This issue is seen as the domain of the private sector. Politicians have only seen housing as an issue of the government in the form of public housing. Constituents in communities nationwide are calling on county elected officials to reduce the burdens of housing costs that force residents to relocate to more affordable neighborhoods. Although housing affordability is a shared priority across the country, available options to promote affordability vary widely between counties.
What to do about the lack of attainable housing?
This issue is more complex than just involving housing. Therefore, attainable housing is so important in the overall picture of economic development. The discussion of job creation in communities must also involve the discussion of adequate housing for a community. Available housing for all income groups helps a community retain jobs and helps business owners retain quality employees.
One way to address the condition of properties is through proper code enforcement. This could be as simple as strengthening already existing property maintenance ordinances or it could be bringing in a code enforcement official. While this may take some training or recruitment on the front end, the long-term benefit of improvement of distressed neighborhoods and a long-term plan or guideline to maintaining properties will be beneficial to creating a sustainable community development plan.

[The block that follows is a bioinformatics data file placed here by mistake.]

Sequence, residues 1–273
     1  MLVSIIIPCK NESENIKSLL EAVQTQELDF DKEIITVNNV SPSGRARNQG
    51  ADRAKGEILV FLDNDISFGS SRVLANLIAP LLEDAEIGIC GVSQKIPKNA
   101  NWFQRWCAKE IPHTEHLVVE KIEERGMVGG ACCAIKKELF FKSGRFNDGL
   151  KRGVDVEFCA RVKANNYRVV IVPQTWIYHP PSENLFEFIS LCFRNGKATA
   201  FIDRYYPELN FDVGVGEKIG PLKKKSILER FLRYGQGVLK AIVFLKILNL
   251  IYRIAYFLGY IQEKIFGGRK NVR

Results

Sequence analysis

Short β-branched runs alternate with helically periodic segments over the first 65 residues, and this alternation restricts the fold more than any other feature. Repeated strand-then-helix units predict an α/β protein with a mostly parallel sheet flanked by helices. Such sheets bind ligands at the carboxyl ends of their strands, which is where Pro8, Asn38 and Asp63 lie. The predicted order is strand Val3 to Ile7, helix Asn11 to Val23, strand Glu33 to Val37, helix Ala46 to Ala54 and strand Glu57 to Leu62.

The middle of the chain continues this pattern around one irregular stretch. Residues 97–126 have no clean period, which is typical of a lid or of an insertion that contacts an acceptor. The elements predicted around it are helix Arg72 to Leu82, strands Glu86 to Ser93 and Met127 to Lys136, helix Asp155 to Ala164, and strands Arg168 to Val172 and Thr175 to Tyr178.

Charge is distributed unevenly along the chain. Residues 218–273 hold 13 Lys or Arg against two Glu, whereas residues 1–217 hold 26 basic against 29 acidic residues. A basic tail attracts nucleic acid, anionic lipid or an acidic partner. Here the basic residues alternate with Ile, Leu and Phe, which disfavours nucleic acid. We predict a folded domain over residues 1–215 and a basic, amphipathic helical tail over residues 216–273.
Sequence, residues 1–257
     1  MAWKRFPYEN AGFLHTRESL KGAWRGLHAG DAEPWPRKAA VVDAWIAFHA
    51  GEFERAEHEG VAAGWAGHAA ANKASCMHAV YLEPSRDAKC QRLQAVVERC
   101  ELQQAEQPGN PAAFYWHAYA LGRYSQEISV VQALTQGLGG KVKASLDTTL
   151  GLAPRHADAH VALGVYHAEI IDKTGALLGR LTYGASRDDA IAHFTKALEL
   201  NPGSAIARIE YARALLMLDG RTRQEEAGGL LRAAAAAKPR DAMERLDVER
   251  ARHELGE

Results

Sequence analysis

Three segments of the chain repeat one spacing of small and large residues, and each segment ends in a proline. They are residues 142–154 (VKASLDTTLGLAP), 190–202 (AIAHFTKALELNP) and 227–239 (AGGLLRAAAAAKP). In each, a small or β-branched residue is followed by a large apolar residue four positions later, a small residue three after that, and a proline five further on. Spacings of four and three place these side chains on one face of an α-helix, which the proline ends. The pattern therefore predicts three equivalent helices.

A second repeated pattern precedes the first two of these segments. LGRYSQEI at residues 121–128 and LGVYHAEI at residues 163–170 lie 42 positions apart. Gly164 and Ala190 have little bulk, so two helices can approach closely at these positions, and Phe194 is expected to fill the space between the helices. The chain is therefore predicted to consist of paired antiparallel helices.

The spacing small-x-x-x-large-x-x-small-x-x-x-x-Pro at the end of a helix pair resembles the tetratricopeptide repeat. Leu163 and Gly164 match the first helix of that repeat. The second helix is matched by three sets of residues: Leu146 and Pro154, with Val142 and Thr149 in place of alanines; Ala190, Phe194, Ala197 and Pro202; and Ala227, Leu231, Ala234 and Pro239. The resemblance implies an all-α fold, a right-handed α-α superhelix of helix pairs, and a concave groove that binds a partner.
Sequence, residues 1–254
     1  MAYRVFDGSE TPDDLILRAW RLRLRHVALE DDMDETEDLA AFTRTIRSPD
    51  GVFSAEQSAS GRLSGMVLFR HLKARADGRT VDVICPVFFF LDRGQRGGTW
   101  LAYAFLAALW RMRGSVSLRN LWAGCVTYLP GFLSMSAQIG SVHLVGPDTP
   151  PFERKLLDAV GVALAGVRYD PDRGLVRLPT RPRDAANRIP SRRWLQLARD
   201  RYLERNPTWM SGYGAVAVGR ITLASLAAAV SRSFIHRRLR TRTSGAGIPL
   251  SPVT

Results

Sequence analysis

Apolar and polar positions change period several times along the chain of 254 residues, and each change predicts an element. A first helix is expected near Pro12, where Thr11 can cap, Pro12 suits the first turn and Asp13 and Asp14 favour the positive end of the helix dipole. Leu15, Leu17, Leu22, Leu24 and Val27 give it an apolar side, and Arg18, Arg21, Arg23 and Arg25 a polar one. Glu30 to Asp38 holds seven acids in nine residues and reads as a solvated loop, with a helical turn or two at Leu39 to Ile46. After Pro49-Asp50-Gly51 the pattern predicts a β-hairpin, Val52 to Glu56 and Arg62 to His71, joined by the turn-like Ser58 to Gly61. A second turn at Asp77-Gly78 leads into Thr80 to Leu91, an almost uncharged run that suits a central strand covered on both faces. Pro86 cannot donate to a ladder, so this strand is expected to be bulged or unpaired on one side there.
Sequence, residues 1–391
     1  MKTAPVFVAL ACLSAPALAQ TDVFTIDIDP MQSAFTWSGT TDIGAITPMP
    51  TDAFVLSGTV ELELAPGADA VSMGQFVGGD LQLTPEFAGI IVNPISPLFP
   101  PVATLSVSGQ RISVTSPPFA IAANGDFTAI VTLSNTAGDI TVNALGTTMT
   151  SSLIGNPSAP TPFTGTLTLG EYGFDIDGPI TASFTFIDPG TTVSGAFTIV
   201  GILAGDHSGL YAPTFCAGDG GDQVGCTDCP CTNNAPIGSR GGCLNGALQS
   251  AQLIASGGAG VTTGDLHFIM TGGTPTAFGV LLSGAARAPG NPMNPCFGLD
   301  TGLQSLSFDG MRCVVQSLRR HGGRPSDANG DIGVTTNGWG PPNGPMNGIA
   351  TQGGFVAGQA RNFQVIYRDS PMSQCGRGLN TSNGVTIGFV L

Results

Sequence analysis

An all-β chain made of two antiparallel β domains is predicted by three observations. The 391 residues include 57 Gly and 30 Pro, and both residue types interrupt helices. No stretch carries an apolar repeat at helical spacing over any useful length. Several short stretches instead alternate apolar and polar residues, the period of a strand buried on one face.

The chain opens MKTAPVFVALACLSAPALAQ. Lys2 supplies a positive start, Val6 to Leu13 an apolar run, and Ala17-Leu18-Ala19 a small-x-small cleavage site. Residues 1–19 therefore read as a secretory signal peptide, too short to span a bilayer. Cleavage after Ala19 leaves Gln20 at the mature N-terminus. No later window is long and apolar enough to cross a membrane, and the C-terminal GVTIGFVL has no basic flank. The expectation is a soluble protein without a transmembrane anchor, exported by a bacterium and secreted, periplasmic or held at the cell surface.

This problem needs a multi-prong approach. It may involve a partnership with local developers, or individuals within your community. It may be that a non-profit within your community takes the lead on this.
Advocacy through local government, as well as non-profit statewide organizations is an important part of putting housing issues in front of politicians. National Association of Housing and Redevelopment Officials (NAHRO) is the national organization for housing which provides many resources for advocacy.
A newer solution is developing a community land trust. A community land trust is a nonprofit organization that is the steward of community assets and provides attainable housing opportunities for families. Their primary goal is ensuring families can purchase affordable homes, these homes remain affordable should they go back on the market, and to offer educational opportunities for the families to help them maintain their properties and grow as homeowners.
This “shared equity homeownership” works through households who have an income below the local AMI but are still able to qualify for a mortgage. They purchase the home at an affordable price and lease the land from the Community Land Trust. If the homeowners decide to sell, they can keep all the equity plus a portion of the increase in value. The Community Land Trust manages the resale process, to ensure the home remains attainable. There are nearly 250 Community Land Trusts in the United States; 79% of residents are first-time homeowners, and 82% of residents report income less than 50% of area median.
What happens if a lack of attainable housing isn’t addressed?
If employees have no place to live where they work, it will be harder to draw business into towns. Job creation is strongest if workers reside in the community. Employees who can live near their place of employment are better able to report to work on time while also having time to improve their job skills, get an education, or spend time with their family.
Neighborhoods will continue to become distressed and community pride will decrease. For the continued success of your town, condition of housing and code enforcement is a vital part of the picture.